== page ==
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Bubi Canal’s Magical Wishes

 

Bubi Canal is a Spanish visual artist living in New York City. Bubi teleports us to impossible worlds full of emotions and mysterious and intriguing characters. His work combines different types of media and artistic methods including photography, video and sculpture and deals with the recurring themes of human wishes, dreams, magic and love.

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Chris Bors’ Hardcore Confrontation Of Violence

Paintings by Chris Bors.

“My recent paintings, which appropriate logos from hardcore punk bands, are meticulously hand painted to resemble silkscreen prints. I often incorporate drips of color that activate the surface and create a jarring contrast, which also references stain paintings of the 1950s and 60s. To compose the paintings, I combine images from various sources including vintage magazines, children’s activity books, websites, and my own drawings. The juxtaposition of these elements resembles the compositions of and mimics the tactics used in political messaging. The work also plays on the confrontation of violence and solidarity as expressed in a music genre that has roots based on a struggle for social justice.”

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Eko Nugroho

Working with thick dark outlines, Eko Nugroho‘s graphic technique and imagery reflect Indonesia’s media-rich and politically charged environment. The artist cites Malaysian cartoonist Lat, TV series from the 1980s such as Megaloman and wayang kulit (shadow puppets) as early influences. His part man-part machine characters are often accompanied by bizarre and ironic statements in speech bubbles or t-shirt slogans. At times, they can be menacing, displaying the potential for violence – wielding sharp objects in their hands, or with weapons as limbs. In others, they come across as scientific experiments gone wrong –a la B-grade films – where humans mutate into alien-like creatures, sprouting plastic flowers from their orifices, crouching on all fours with test tubes and strange objects growing from different parts of their bodies. Imbued with macabre humour and satire, Nugroho’s comic inspired work may come across as seemingly straightforward – often a central figure standing against a simple background, presented as a series of simple scenes from a larger narrative – while the artist’s inimitable pating tlecek style of fusing and juxtaposing a wide range of visual elements (and languages), lends his work a certain layer of absurdity.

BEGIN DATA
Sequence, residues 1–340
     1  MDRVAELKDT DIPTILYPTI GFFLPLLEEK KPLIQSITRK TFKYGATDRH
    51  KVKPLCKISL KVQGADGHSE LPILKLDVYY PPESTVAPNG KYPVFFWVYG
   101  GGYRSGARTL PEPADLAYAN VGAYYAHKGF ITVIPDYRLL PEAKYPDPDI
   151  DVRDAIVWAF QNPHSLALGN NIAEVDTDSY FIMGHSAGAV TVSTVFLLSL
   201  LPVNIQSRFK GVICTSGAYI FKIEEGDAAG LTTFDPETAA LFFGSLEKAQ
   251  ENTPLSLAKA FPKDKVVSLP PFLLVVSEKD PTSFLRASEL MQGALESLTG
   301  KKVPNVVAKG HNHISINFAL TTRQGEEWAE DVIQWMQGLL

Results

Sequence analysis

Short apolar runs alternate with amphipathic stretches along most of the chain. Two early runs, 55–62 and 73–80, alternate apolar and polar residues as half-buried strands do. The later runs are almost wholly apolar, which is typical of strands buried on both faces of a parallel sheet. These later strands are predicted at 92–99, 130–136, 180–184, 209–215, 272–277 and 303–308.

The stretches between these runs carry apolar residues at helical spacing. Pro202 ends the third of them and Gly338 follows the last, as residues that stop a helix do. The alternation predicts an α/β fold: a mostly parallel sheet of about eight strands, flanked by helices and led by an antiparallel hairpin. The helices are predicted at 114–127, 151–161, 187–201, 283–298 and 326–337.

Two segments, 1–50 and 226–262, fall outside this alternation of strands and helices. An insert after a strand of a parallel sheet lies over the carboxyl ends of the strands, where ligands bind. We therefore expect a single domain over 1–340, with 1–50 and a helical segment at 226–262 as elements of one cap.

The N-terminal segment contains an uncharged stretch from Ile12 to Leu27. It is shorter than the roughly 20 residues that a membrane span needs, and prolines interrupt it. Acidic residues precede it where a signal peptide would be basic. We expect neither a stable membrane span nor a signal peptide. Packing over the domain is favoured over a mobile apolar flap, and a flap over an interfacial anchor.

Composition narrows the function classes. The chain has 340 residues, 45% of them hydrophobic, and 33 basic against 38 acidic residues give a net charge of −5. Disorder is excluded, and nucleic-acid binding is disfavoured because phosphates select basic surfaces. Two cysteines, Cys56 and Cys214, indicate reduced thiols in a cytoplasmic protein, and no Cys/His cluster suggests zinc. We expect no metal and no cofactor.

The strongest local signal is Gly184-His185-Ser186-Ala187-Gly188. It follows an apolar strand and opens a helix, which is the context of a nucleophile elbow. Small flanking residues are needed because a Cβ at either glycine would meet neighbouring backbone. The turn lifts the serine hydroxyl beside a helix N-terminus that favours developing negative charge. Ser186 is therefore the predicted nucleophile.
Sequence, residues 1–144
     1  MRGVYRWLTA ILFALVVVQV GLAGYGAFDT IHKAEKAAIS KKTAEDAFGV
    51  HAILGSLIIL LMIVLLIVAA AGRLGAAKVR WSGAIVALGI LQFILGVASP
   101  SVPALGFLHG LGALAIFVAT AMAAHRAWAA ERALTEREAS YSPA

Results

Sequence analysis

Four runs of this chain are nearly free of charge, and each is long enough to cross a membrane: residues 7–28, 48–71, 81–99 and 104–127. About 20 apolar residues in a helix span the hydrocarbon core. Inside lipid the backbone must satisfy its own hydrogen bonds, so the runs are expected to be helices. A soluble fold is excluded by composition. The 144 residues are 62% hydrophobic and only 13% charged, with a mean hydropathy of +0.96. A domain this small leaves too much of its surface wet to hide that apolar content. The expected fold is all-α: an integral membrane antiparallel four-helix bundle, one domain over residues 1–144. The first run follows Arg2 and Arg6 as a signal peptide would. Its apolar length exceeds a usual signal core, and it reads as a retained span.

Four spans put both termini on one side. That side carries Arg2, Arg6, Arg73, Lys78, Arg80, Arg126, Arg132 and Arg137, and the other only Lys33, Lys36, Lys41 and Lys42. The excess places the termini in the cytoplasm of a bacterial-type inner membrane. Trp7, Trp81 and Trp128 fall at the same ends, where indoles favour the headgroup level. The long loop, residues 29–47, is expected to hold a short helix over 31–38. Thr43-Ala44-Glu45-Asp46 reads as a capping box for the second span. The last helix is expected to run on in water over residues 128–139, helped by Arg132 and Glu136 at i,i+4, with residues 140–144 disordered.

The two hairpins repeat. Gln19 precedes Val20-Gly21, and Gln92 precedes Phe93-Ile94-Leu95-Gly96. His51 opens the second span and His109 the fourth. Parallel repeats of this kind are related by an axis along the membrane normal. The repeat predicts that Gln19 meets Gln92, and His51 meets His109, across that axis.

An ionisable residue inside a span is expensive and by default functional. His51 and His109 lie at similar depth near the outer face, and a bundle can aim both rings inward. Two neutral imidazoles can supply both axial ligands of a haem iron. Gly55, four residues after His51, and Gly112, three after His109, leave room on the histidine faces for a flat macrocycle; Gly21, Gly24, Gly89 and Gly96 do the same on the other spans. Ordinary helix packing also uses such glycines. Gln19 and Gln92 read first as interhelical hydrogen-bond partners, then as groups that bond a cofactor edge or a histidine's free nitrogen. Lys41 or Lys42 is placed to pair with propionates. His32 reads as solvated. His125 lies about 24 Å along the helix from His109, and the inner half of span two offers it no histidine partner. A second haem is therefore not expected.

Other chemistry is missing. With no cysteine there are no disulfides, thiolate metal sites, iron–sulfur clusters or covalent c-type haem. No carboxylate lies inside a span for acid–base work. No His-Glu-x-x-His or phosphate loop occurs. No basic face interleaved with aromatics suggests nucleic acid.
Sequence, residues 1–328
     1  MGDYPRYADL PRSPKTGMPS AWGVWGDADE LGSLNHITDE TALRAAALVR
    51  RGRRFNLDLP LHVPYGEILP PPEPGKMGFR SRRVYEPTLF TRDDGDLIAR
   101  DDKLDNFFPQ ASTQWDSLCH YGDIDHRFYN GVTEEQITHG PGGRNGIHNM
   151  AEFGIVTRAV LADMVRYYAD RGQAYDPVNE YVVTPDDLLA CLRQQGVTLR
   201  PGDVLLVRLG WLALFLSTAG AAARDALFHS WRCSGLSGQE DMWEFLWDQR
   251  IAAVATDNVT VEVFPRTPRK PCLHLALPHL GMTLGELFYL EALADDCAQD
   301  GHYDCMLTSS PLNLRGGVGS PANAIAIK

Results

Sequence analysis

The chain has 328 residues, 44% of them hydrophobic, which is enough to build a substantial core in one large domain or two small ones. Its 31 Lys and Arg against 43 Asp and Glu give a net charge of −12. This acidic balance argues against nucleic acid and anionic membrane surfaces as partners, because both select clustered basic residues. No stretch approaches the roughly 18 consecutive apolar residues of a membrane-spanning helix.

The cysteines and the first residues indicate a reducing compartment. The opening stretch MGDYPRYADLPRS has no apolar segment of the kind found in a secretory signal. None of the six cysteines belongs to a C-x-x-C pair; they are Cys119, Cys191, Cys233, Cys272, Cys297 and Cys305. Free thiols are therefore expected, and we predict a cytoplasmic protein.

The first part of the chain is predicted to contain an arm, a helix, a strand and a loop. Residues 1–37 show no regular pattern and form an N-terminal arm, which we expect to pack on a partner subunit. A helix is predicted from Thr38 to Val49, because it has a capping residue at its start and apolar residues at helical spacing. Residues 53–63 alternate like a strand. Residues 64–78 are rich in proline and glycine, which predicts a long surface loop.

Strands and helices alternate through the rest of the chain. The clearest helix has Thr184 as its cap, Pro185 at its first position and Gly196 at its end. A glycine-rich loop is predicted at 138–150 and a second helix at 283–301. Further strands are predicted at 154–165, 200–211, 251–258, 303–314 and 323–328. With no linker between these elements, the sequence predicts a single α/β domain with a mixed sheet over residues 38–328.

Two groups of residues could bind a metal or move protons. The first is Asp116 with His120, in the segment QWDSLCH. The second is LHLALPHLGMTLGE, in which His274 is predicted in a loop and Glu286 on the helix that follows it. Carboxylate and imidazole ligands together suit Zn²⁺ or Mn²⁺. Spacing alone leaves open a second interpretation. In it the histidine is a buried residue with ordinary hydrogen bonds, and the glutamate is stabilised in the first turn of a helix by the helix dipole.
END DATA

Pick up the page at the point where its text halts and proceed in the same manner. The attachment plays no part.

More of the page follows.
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The Sound Of Decay: Matt & Kim, Andrew W.K., and Soulja Boy

This is such a bizarre mash up of acts that I couldn’t resist posting it.  Matt and Kim, Soulja Boy, and Andrew W.K. have risen from the dead to throw a raging dance party in a morgue. The mortician has left for the night, the limbs are fresh and there’s formaldehyde on ice.

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Next Day Flyers Presents: Andrew Paul Kerr

Inspired by street art, DADA, and German expressionism, Andrew Paul Kerr‘s digital collages explore the juxtaposition of the tangible physical world with it’s struggles, death, beauty, and wonder with that of the spiritual and what happens when these two worlds collide.

 

This article is presented by the holiday sticker printing website, Next Day Flyers.

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Happy Halloween!

Happy Halloween everyone! Let’s all take a few minutes to celebrate the funniest holiday of the year. Hope your day is filled with lots of ghouls, goblins, ghosts, spooky monsters and maybe some David Letterman??? More crazy pumpkin carving pictures after the jump!

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PATRICIA PICCININI: THE WELCOME GUEST

Conner Contemporary Art is very pleased to present Patricia Piccinin’s first solo exhibition in Washington, DC: “The Welcome Guest.” The selection of works ranges in date from 1997 to the present, including video and small- to large-scale sculptures (made of silicone, fiberglass, human and animal hair, taxidermied peacocks, polyester, nylon, wool, plastic and bronze). Using natural and artificial media to create realistic and grotesque forms, the world renowned Australian artist visualizes humanity’s challenges in navigating between nature and biotechnology.

The exhibition title comes from its signature piece, “The Welcome Guest” (2011), Piccinini’s most recent creation, which recalls Goethe’s statement, ‘Beauty is everywhere a welcome guest.’ The artist explains that this work “reflects on the beauty and strangeness of nature.” In this compelling sculptural grouping, a fleshy mutant creature embraces a cute little girl as a graceful peacock looks on from atop an icy perch. Here Piccinini asks: Who will we become as technology refashions the relationship between people and the natural world? Other works in the exhibition elaborate on what kinds of emotional connections could emerge between us and the strange yet vulnerable life forms our science may yet create.  See the show from November 5th – December 7th, 2011 at Conner Contemporary Art.

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Anibal Padrino

Paintings by New York artist Anibal Padrino.

“The pictures I make are images of my idea of form . The subjects I play with represent personal experiences , which I translate into a visual experience for the viewer to engage in. The content of the work is on the surface, and in the way elements interact to create an image –“ that which presents an intellectual and emotional complex in an instant of time”. My works are fictions that deal with form on imaginary terms.”

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